What a transparent Romance language with a Germanic gender-determiner mapping tells us about gender retrievalInsights from European Portuguese

  1. Ana Rita Sá-Leite 1
  2. Ângela Tomaz 2
  3. Juan Andrés Hernández- Cabrera 3
  4. Universidad de Santiago de Compostela 1
  5. Carlos Acuña Fariña 1
  6. Montserrat Comesaña 4
  1. 1 Universidade de Santiago de Compostela

    Universidade de Santiago de Compostela

    Santiago de Compostela, España

    ROR https://ror.org/030eybx10

  2. 2 Universidad de Lille
  3. 3 Universidad de La Laguna

    Universidad de La Laguna

    San Cristobal de La Laguna, España

    ROR https://ror.org/01r9z8p25

  4. 4 Universidad Nebrija

    Universidad Nebrija

    Madrid, España

    ROR https://ror.org/03tzyrt94

Psicológica: Revista de metodología y psicología experimental

ISSN: 1576-8597

Year of publication: 2022

Volume: 43

Issue: 2

Type: Article

DOI: 10.20350/DIGITALCSIC/14777 DIALNET GOOGLE SCHOLAR lock_openOpen access editor

More publications in: Psicológica: Revista de metodología y psicología experimental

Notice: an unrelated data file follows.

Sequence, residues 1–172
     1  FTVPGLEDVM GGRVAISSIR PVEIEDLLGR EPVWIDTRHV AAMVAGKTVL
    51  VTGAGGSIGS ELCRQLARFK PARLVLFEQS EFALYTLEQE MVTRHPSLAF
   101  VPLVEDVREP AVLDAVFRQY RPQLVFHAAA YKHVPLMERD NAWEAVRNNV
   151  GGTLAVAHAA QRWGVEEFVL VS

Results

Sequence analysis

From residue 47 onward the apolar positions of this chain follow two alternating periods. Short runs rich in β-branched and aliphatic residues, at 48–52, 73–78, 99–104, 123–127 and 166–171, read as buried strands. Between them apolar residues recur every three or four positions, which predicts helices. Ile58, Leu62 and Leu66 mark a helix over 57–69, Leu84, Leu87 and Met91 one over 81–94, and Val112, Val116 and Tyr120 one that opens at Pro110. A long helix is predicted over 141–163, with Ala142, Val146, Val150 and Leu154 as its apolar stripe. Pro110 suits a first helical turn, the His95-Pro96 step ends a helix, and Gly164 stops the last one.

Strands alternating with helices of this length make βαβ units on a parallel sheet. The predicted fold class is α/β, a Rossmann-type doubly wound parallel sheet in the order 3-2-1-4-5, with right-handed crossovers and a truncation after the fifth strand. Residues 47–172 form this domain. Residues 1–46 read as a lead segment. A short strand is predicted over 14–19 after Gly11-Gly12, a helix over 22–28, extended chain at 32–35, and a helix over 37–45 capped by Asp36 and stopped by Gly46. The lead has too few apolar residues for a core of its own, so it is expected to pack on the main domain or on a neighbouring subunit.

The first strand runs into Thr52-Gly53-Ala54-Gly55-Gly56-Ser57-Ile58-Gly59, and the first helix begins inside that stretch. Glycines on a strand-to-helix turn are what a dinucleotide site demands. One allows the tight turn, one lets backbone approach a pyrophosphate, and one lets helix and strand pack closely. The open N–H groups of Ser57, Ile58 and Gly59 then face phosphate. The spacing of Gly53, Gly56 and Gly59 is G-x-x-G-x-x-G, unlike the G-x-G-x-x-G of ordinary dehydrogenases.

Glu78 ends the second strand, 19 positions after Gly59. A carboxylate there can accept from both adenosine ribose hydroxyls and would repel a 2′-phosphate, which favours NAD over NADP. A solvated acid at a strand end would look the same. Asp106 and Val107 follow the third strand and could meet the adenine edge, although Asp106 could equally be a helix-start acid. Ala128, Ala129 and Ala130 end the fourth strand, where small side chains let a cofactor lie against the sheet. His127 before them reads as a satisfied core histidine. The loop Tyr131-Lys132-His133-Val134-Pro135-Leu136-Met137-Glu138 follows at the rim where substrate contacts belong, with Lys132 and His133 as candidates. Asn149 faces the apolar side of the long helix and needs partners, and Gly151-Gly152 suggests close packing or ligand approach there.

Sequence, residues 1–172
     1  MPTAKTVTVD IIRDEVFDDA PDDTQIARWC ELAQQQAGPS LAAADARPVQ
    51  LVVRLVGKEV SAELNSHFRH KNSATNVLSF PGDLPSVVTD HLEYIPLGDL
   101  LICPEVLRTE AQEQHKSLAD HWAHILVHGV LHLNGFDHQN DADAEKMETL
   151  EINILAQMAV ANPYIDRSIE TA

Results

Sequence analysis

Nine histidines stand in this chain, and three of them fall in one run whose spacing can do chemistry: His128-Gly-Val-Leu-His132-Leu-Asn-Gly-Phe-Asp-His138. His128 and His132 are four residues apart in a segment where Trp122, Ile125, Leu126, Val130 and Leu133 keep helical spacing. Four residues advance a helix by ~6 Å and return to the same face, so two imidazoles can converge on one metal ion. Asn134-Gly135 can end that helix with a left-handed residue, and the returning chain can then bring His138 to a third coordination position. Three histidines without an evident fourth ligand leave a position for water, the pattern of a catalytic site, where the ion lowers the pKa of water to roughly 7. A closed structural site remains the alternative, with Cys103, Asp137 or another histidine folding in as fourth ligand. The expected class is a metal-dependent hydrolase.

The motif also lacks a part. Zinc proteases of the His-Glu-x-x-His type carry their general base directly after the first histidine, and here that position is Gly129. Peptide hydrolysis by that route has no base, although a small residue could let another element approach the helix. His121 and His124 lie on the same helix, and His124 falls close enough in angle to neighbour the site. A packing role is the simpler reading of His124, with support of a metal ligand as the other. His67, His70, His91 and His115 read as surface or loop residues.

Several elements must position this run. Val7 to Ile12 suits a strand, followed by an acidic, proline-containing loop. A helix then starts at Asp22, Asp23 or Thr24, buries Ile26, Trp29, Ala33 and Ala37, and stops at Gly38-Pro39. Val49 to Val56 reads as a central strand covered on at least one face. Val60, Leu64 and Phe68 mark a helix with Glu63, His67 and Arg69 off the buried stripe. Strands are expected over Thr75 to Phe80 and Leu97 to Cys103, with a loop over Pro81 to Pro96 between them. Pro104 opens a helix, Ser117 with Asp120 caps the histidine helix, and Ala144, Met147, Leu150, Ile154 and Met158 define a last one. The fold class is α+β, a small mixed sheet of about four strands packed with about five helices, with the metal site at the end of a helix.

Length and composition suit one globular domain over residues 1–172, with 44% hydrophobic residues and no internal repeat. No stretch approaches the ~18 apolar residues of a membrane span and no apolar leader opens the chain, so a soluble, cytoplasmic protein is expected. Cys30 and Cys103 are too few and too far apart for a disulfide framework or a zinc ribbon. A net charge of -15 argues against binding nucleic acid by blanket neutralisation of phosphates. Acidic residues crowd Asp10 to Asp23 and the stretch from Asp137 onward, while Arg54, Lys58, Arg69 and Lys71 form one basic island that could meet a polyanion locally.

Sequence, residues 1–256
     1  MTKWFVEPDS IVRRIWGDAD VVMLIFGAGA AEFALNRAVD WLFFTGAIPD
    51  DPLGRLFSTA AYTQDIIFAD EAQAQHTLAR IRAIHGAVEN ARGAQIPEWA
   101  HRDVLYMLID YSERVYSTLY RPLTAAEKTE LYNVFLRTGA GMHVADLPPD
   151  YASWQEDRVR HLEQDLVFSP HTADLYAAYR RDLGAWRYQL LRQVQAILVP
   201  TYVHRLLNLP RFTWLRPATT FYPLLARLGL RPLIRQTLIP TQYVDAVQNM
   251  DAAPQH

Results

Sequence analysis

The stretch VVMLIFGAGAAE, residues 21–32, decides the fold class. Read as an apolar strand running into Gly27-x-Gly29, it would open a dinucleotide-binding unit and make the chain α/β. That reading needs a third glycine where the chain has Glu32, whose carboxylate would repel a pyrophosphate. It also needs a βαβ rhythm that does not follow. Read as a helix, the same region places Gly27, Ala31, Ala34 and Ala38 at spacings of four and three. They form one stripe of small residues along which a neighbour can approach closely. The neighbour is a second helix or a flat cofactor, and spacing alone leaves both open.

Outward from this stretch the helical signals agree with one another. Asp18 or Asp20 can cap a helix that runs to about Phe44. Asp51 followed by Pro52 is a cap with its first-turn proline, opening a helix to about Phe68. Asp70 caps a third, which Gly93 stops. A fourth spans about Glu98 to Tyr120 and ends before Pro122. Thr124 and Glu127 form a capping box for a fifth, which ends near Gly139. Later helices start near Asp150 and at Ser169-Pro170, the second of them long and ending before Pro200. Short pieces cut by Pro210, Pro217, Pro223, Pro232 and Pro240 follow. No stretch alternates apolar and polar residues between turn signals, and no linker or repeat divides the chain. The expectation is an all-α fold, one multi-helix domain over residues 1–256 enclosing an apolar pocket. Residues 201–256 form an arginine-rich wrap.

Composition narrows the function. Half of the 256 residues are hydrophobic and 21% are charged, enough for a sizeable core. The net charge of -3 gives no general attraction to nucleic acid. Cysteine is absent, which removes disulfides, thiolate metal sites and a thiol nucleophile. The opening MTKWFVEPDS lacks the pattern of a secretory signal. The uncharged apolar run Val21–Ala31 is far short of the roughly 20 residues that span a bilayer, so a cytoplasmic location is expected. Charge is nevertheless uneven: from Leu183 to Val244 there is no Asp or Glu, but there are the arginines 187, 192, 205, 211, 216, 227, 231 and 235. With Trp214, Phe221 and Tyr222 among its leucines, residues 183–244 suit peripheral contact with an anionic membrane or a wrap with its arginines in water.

The study of the representation and processing of grammatical gender during language production has encountered mixed results regarding which conditions must be met to observe gender effects and whether these reflect the selection of gender values or competition between elements of agreement. The answer seems to depend on the number of determiners associated to each gender and on the language being explored. The present study aims to assess this issue through three picture-word interference tasks in European Portuguese. This is a transparent Romance language featuring a one-to-one gender-determiner mapping system similar to opaque Germanic languages. Conditions of gender in/congruency between targets and distractors were considered along with gender transparency and agreement. We observed a gender congruency effect restricted to noun phrases. Importantly, the effect was modulated by transparency, which seems relevant regardless of agreement. To explain the results, we adapted the Dual-Route Model of language comprehension to production.

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